Dr. Anthony Fauci, the chief medical adviser to the White House, confirmed he will retire by the end of President Joe Biden’s first term, but it could come much earlier than that, the infectious disease expert told Reuters in an interview on Monday.
“I haven’t made an announcement of my retirement, but it could be anywhere from now until then,” Fauci said in the telephone interview. “I don’t know yet.”
Fauci, 81, in late November 2021 told Reuters he was “not even remotely contemplating” retirement.
He has been the director of the National Institute of Allergy and Infectious Diseases (NIAID) since 1984 and in 2020 became the face of the U.S. government’s efforts to contain the COVID-19 pandemic.
When he does leave government service, Fauci said he has no intention of completely retiring. “I’m going to continue working because I still have a lot of energy and passion about public health, and global public health.”
As for the ongoing monkeypox outbreak, Fauci said “there is a risk” of the virus becoming endemic in the United States, meaning it will continue to spread without being eradicated. “That’s the reason why we’ve got to move quickly,” he said.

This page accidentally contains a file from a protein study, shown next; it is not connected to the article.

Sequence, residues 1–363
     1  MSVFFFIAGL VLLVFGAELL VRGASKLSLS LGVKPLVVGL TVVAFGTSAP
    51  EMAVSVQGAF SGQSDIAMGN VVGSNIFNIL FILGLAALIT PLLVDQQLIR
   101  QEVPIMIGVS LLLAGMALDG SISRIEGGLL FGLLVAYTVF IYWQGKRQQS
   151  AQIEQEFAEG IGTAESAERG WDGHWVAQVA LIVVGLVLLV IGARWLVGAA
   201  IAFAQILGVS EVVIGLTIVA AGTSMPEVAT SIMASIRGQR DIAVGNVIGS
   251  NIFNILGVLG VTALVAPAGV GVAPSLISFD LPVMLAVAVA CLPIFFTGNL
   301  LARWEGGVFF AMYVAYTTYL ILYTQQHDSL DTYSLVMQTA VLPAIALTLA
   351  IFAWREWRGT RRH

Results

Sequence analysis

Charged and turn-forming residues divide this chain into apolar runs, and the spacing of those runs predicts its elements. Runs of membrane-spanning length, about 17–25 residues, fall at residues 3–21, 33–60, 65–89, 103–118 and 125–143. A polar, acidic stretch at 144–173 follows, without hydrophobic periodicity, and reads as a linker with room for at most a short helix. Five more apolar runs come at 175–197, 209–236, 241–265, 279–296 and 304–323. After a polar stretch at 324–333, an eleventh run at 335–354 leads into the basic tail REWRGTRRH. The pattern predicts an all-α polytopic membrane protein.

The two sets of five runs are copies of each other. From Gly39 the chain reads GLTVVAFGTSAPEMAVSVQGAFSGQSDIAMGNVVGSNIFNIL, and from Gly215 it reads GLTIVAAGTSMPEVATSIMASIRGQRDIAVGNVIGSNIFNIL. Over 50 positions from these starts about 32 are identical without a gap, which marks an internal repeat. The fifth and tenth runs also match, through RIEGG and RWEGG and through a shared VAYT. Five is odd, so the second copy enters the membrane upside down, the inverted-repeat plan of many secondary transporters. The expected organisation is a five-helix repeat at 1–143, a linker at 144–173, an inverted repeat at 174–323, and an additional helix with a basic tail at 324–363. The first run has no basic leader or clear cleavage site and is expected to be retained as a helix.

Besides people who have already been exposed to the virus, Fauci said vaccines need to be given to people who are at risk for an infection, such as those who are taking the HIV prevention therapy called PrEP.
“We want to get a much broader coverage of vaccine for pre-exposure prophylaxis as well as for post-exposure prophylaxis,” Fauci said.
The U.S. government has been working to ramp up access to those vaccines, which are in short supply, complicating efforts by already poorly funded sexual health clinics to respond to the outbreak. (Reporting by Julie Steenhuysen, additional reporting by Manas Mishra in Bengaluru; Editing by Aditya Soni and Jonathan Oatis)